Although both of these scenarios appear eminently plausible, by 1997 they had only marginally or inconclusively played themselves out. With respect to the eventual political orientations of newly-naturalized non-titular citizens, many Russians have indeed rallied around the main minority parties fighting for relaxed naturalization laws, easier permanent residency procedures, and more liberal language legislation. In Latvia, the Equal Rights party (later renamed the Socialist Party) won seats in both the 1993 and 1995 parliamentary elections, proving that it has a hard-core following of around 5-6%. In Estonia, a coalition between the United People’s Party and the Russian Party during the 1995 parliamentary elections also succeed in scoring 6% of the vote. Although the coalition subsequently broke down, support for the two parties combined has been steady. On the other hand, in each non-titular community many voters have preferred to support Estonian- or Latvian-based parties in a bid to be fully integrated with the dominant titular societies. The Estonian Center Party as well as the Latvian Harmony Party have drawn significant numbers of votes from non-titular citizens, while other minority voters have even supported the Estonian Reform Party or Latvia’s Way. Narrow-based minority parties do not always seem able to command the loyalities of their putative constituents, especially if those voters take economic issues or other philosophical principles as their point of departure in deciding their support.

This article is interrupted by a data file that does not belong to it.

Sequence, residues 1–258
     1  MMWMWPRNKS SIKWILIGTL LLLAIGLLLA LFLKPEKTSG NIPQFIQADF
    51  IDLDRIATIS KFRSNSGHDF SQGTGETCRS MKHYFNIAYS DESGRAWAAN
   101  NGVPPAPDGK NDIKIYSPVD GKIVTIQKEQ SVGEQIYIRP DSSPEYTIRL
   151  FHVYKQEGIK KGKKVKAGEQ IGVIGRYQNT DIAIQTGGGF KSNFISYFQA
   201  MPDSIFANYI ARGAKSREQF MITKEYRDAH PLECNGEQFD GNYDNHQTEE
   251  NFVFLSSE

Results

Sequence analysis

As for the prospect of the Estonian- and Latvian-dominated political systems giving way to more equal participation, the road has been more rocky. The pressure to safeguard Estonian and Latvian ethnic interests despite the general naturalization process has continued to be evident, although not extreme or excessively deleterious. In Estonia, such pressures arose after local elections in October 1993, where non-citizens were allowed to vote and where in Tallinn the Russian-based United People’s Party and the Russian Party together captured nearly half of the seats in the city council. The result seemed to many a warning of things to come, if the mostly-Russian non-citizen population were to gain citizenship and begin to participate in politics. In the national parliament, meanwhile, one radical deputy (Ants Erm) countered with several bills in the spring of 1994 aiming to tighten the conditions for naturalization and the issuing of residence permits to non-citizens. By year’s end, another nationalist deputy (Mart Nutt) proposed a new citizenship law, which would raise the language requirement for naturalization to include a civics exam in Estonian. The law was passed in January 1995 (just before the 99% ethnic Estonian parliament would face new elections) and it showed the power that the parliament could wield to change the rules of the citizenship game in mid-play. However, while naturalization applications were sluggish in 1996-97 as a partial result of the new exam requirement, the process did continue. More significantly, in 1996 the task of issuing new residency permits to all non-citizen residents in Estonia was completed without major problems or disruptions, thus providing important legal stability for the non-citizen population.